On the basis of these legislative provisions, the Children's Bureau, with the counsel of advisory committees and conferences with state administrators, proceeded to develop broad policies and to work with the states in helping them to establish structures and programs suitable to carry out the purposes of the Act. Work had to be done in some states in building a state organization "from scratch", and in all states in setting up staffing plans and personnel practices which would assure the appointment and retention of qualified personnel; in providing for training programs, through stipends or educational leave for study in professional schools, and through staff development programs, to compensate for extreme shortages of professionally trained personnel; and in assuring, in the health programs, opportunities for advanced specialized study in various fields.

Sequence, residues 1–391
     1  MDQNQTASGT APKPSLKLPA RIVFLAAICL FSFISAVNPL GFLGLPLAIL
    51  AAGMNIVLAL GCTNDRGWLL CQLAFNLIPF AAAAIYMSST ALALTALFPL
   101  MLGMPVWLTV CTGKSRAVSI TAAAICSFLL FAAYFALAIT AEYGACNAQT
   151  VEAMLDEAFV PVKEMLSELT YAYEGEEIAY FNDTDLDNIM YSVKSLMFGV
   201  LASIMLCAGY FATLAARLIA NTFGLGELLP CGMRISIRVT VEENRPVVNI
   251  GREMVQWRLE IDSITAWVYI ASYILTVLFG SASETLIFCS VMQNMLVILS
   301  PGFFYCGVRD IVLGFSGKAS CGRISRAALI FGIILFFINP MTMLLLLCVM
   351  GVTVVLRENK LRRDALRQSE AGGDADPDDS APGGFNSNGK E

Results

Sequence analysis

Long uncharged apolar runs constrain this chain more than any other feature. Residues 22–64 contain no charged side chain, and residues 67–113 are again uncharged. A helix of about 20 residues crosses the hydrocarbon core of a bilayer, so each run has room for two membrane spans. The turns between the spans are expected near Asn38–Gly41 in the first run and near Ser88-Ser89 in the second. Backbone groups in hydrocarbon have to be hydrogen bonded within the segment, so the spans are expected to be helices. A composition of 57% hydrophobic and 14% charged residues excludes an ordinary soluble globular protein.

The importance of widespread sharing of technical information was recognized, and was supplied in part by the Bureau's regional consultants, supplemented by specialized personnel, and strengthened by the Bureau's primary function of research and dissemination of information. Great stress was placed on inter-professional team work. Many problems of relationship between the different specialized services, and between general and specialized health and welfare programs presented themselves, and were dealt with differently, and with varying results, in different states.